The six-foot-tall wooden pyramid was in essence a blank canvass for the young people gathered around -- built to allow them to express their feelings on subjects that cut to the core of the human condition: freedom and oppression.
With the aid of spray paint, stencils and pictures, the youth covered one side of the pyramid with slogans and images, such as iconic pictures of Martin Luther King, that made them feel free.
The other two sides were reserved for representations of oppression. The most common image? A camera.
While one might expect young people to feel oppressed by parents, school officials or police officers, but it is from cameras they say they cannot escape. Cameras are everywhere in their world — at street intersections, in public buildings, at their schools, on their phones.
This was but one of the insights gained by those who attended Santa Ana's inaugural Boys and Men of Color Conference, a two-day gathering held last weekend at Valley High School.
"It definitely empowered me. It was a very worth-it experience," said 18-year-old Victor Gudiel, a Santa Ana High School senior who was one of the BMOC organizers. "BMOC gave me more speaking experience, meeting experience and connecting experience."
A wide range of activists, teachers and other experts on the issues facing underserved communities were on hand to interact with the youth and dispense their wisdom. Several said they were impressed with what they saw.
"Santa Ana has important space to see action and build community," said Raquel Armenta, a youth leader for the Los Angeles-based group Innercity Struggle. Armenta said she was impressed by the turnout.
Dr. Victor Rios, one of the conference's keynote speakers, spoke of the need for a change in how young people are viewed in underserved communities. We need to change it from "at risk" to "at promise."
Rios went on to say that the reason street gangs do so well in recruiting young kids is the gang leaders make them feel important. This is something the community must do instead, he said.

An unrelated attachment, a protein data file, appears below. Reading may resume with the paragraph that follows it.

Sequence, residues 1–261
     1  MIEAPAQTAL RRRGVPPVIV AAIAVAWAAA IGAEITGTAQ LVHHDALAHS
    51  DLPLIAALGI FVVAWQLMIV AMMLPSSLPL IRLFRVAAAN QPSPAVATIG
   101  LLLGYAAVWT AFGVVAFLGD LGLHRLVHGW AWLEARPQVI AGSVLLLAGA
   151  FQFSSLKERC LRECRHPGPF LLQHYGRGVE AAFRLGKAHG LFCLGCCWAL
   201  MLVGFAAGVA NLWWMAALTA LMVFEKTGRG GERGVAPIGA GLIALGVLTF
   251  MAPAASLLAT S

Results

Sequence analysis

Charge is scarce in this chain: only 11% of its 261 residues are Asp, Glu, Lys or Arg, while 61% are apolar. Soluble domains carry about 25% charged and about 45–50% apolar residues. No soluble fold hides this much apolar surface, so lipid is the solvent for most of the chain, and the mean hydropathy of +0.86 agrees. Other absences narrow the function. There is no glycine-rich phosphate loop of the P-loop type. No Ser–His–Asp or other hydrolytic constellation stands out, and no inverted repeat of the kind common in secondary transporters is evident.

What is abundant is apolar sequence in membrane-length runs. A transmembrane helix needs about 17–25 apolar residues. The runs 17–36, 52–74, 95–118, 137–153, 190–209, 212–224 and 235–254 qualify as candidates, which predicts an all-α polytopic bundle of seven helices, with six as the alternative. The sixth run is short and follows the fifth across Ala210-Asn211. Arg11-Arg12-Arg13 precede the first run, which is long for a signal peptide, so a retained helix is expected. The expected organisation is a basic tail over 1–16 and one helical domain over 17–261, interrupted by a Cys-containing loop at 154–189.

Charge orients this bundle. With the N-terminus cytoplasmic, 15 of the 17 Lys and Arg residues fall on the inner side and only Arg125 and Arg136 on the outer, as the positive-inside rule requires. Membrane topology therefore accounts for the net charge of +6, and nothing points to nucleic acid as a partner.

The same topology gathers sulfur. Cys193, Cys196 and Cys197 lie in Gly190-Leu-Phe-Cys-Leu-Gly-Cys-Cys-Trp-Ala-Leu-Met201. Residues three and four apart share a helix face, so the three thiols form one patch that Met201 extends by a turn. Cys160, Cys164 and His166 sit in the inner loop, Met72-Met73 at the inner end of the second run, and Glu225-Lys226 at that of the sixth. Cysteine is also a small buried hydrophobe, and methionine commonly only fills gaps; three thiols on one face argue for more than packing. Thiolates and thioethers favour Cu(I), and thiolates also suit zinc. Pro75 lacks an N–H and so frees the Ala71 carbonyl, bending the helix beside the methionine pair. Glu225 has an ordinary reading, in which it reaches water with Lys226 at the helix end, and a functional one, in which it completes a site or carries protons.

"Spending any time with a young person is making them feel important," said Rios, a professor of sociology at UC Santa Barbara specializing in youth culture and the author of "Street Life," an autobiographical account of growing up in inner-city Oakland.
Rios also said it is crucial that people of color know their cultural roots. It's been proven that those who do perform better in school and have a better overall sense of purpose in their lives.
Jerry Tello, the conference's other keynote speaker, agreed wholeheartedly with Rios on that point. Tello said his culture actually helped him stay out of trouble.
Specifically, he said his grandmother would regularly give him the first of her homemade tortillas and tell him it was because he was her most important grandchild. He later found out that she said the same thing to her other grandchildren.
Tello's accounts had an impact on Gudiel. "I learned more about my roots" he said. "Storytelling, there is power to it."
Tello also spoke about the hurdles people must overcome when they come from a broken home. It is crucial that people in those circumstances be able to themselves, but often men grow up without healing, Tello said.
Too often, Tello said, men develop coping mechanisms like use of drugs and alcohol to cover up the lack of healing.
This reality was one of the reasons the concept of the healing circle was part of the conference. In a healing circle, people sit together, and each is given the opportunity to get issues off their chests. It is an especially important exercise for boys, because men are often expected not to talk about their feelings.
The healing circle at the conference showed progress in this regard. Young women who took part said it surprised them that the guys were talking about their emotions.
Voice of OC Youth Media staff writers Nelson Alonso, Daniel Garcia, Jaaziel Lopez, Yvette Ortega and Alex Guevara contributed to this report.